Television journalist may be prosecuted for saving orphan

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The Independent Online
THE ITN journalist Michael Nicholson could be taken to court for rescuing a 10-year-old orphan from the devastated city of Sarajevo.

The Home Office said yesterday that charges could be brought against Mr Nicholson under forgery and counterfeit laws because he had admitted adding the name of the girl, Natasha, to his passport and pretending that she was his daughter. The airline which flew Mr Nicholson and the child to safety could also face a fine under the Carriers' Liability Act for bringing a passenger to Britain who did not have proper documentation. But Home Office officials were far from certain last night about whether a prosecution would be brought.

Mr Nicholson had immediately told immigration officers what he had done and his spontaneous admission was, the officials said, a strong mitigating factor. However, they added that they did not want to encourage others to believe that they had the right to save orphans by altering their passports. They rejected the idea that Mr Nicholson would receive privileged treatment because he was a television reporter. The Home Office Immigration Service would supply the evidence for a prosecution and pass it over to the police and Crown Prosecution Service.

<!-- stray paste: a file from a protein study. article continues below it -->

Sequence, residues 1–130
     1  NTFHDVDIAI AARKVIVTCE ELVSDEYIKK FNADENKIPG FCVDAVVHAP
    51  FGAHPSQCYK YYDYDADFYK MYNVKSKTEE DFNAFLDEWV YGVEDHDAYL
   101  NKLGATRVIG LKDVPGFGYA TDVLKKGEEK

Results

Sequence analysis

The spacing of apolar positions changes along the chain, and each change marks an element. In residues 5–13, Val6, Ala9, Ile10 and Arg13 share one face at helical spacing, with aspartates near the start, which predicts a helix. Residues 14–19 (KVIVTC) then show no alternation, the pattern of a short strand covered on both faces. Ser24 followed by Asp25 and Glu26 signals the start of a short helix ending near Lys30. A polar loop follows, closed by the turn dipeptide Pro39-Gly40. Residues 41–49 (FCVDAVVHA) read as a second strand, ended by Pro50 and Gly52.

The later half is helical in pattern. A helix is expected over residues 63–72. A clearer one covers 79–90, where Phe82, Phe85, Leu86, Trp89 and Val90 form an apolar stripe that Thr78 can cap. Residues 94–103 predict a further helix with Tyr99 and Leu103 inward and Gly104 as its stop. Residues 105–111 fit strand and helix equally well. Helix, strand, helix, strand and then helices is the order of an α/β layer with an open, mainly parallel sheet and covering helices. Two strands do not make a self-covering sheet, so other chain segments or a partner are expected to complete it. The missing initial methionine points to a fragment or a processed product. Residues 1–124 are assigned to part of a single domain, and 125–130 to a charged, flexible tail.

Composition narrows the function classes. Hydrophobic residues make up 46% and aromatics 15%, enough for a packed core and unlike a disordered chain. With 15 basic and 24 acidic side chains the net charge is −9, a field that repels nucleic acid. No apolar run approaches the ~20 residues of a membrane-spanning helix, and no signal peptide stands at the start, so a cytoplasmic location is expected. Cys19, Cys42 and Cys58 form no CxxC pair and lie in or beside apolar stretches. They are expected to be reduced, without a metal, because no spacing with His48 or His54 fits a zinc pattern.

A Scotland Yard spokesman said the Immigration Service had not contacted the police when Mr Nicholson arrived in Britain. But it added that since the story broke, officers had been 'liaising with the Immigration Service to look into the background of this matter. If offences are found to have been committed they will be dealt with in the normal way.'

If a case is brought, the spectacle of the Government prosecuting a well-known media figure for the crime of saving a little girl could cause intense political embarrassment.

Don Flynn, spokesman for the Joint Council for the Welfare of Immigrants, said he thought a prosecution was highly unlikely. 'The Home Office hates cases like this,' he said. 'It does everything possible to stop people bringing children to Britain, but once they are here, it behaves decently. We have not quite reached the stage where children are being put on planes back to the war zone.'

Mr Nicholson was not available for comment last night.

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